The Debt Panel: 'I lost my life savings after investing in cryptocurrencies'

The Dubai resident invested his salary and borrowed on credit cards to buy Luna and Terra stablecoins before the market crash

The reader moved his entire investment portfolio from Bitcoin and Ether to Luna and Terra since they were considered more stable digital currencies. Illustration: Nick Donaldson / Getty
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I earn a monthly salary of Dh6,000 ($1,633). I invested Dh80,000 of my family’s and my savings in cryptocurrencies after listening to friends who dabbled in trading and watching promotional videos by social media influencers.

Initially, I purchased Bitcoin and Ether. Those investments grew in value quickly last year and I considered quitting my job to pursue cryptocurrency trading full time because I thought there was huge potential to attain financial freedom with digital tokens. It looked like a get-rich-quick scheme to me.

I later moved my entire portfolio into Luna and Terra as they were considered more stable digital currencies.

I invested the majority of my monthly salary and even borrowed on credit cards to put more money into the stable tokens.

After the recent cryptocurrency crash, my digital wallet is now worth just Dh5,000. I’m devastated and am caught in a spiral of high-interest debt.

I have yet to sell my cryptocurrencies. All my life savings have vanished and I am ashamed to tell my family of my debt problem. Please help me find a way out of this financial mess. KL, Dubai

Debt panellist 1: Steve Cronin, founder of DeadSimpleSaving.com

You have made almost every mistake in investing. There are some painful lessons to be learnt but hopefully they will serve you well in the future. Let this be the disaster you needed so you could become good with money.

First, you invested far more than you could afford to in a high-risk asset, which is any kind of cryptocurrency. You shouldn’t put more than 10 per cent of your investments into something that risky.

You put more than 100 per cent through borrowing. You also probably didn’t keep any cash as a buffer in case this happened, such as six months’ worth of expenses in a bank account.

You also involved your family. This reduces your safety net if something goes wrong with your own investing as they can’t help you out so easily. It also gives you responsibility for their money and could ruin your relationship with them. Legally, they entrusted their money to you, knowing you are not a professional investor.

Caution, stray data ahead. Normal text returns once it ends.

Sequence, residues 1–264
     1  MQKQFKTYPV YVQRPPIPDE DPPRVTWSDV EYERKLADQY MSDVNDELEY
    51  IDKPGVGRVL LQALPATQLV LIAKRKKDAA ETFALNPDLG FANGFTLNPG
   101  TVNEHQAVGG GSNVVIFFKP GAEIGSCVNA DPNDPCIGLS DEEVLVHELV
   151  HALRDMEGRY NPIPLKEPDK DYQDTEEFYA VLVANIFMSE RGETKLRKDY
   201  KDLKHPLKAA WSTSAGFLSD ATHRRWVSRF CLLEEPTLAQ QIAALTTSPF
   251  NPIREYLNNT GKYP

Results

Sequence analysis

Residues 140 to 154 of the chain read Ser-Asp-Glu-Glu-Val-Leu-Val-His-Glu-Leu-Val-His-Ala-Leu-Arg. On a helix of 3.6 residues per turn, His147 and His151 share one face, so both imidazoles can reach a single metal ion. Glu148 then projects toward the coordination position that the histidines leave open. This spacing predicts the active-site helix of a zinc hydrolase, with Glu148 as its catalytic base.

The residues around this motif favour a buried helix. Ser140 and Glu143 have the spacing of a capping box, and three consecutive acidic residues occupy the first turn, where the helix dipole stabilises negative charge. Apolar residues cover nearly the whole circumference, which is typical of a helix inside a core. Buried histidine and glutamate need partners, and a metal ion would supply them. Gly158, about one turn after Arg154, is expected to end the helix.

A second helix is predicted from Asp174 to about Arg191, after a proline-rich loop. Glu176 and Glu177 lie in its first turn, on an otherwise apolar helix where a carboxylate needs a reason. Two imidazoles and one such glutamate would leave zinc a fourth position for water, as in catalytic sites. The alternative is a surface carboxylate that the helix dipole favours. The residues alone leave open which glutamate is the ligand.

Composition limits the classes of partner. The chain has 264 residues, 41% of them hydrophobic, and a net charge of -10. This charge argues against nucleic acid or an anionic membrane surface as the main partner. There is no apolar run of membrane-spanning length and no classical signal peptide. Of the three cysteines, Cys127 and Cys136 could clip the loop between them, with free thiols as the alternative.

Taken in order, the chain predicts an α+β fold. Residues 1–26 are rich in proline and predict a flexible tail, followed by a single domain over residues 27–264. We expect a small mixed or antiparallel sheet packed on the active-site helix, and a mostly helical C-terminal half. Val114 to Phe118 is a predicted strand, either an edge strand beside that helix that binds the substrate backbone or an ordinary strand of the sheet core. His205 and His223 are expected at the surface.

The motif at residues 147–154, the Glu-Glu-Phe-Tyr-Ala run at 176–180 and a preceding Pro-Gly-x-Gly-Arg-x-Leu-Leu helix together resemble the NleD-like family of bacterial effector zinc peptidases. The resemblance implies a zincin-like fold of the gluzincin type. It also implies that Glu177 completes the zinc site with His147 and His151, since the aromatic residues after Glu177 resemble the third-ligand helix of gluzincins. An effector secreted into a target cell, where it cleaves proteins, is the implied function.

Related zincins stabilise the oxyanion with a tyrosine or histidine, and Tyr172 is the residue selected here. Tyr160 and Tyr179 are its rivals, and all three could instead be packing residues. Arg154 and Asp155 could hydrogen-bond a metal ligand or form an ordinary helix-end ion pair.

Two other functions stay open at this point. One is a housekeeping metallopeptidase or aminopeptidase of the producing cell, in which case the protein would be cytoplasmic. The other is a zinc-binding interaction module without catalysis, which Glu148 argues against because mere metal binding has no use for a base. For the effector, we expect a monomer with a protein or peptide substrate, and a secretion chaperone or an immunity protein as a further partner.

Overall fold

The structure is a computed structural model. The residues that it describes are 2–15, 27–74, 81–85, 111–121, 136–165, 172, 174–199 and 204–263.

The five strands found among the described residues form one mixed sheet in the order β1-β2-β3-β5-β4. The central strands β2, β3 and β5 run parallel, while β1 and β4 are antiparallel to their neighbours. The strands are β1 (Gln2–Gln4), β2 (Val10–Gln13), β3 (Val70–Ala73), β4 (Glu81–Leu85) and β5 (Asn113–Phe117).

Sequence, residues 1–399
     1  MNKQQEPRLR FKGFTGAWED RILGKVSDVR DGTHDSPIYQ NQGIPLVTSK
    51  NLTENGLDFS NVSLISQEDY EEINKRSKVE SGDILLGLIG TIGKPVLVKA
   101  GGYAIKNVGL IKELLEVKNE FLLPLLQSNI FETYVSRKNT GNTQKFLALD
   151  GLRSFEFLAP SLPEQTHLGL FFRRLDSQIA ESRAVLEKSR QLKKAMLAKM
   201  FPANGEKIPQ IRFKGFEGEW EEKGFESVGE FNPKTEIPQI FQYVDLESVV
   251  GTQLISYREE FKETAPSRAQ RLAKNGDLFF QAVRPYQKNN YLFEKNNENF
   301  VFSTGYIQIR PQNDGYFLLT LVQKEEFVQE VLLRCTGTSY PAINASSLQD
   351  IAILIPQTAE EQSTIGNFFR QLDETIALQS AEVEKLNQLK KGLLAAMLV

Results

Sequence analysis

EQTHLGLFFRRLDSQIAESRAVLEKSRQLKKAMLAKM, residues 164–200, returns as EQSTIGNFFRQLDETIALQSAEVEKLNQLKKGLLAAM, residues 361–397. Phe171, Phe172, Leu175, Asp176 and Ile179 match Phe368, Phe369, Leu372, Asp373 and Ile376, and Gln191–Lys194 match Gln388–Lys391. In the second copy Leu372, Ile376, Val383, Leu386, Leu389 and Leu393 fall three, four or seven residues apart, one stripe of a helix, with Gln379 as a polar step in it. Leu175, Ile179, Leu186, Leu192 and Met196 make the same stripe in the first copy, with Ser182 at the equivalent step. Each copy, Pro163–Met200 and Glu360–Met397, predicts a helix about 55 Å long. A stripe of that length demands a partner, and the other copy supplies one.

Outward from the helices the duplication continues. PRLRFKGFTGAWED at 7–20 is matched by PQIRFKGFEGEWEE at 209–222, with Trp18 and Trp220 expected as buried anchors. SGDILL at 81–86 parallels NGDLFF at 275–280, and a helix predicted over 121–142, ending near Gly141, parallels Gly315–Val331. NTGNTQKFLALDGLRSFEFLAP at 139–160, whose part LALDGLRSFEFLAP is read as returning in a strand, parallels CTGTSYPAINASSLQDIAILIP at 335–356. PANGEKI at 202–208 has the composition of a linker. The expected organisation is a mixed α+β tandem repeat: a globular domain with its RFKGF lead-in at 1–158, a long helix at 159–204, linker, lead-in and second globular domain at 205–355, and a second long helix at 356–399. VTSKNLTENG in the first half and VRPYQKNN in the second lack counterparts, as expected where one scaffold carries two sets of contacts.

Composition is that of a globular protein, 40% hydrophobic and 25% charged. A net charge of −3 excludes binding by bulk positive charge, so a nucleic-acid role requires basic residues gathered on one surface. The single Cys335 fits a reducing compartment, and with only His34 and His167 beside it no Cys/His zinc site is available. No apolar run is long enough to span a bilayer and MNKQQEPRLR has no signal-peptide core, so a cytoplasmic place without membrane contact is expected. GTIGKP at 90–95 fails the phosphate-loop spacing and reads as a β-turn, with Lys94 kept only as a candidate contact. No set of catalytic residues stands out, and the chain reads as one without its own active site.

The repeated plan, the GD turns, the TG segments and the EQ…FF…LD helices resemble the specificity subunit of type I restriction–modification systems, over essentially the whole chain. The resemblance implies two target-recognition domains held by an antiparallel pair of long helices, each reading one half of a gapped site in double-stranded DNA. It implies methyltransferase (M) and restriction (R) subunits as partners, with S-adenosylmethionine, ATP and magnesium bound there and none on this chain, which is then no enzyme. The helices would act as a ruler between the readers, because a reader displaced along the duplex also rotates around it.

You invested by copying friends and influencers, both usually terrible sources of investment advice. Having little trading experience, you thought good trading years would always be followed by more good years, even though the world was clearly struggling.

You thought a get-rich-quick scheme was positive when in reality, they are always bad over the long term.

In fairness to you, you didn’t buy a lot of altcoins and stuck to the more “sensible” coins. Your undoing was believing that algorithmic stablecoins were safe, despite being completely untested over time and in difficult economic conditions.

You had bad luck with Luna and Terra. If you had popped in Dh10,000, it would have been annoying. But you had stacked your entire financial life on top of that one wobbly brick.

Borrowing on credit cards doesn’t make sense for any investment. A card’s annual interest rate in the UAE is about 40 per cent. In most cases, you can’t make anything close to that in annual returns from investing.

An asset that does offer that is an enormous red flag for riskiness. By leveraging your investment with debt, you greatly increase your losses from even small negative movements. Your assets are now worthless, but your debt remains.

You must take ownership of this situation. You need a plan and you need support. You must tackle the card debt first to stop it from spiralling out of control.

Look for a better-paying job so you can secure a consolidation loan on your card debts. Take on extra work if you can and mobilise any cash or assets you have to pay down the debt. Ask the bank for a payment holiday or debt restructuring.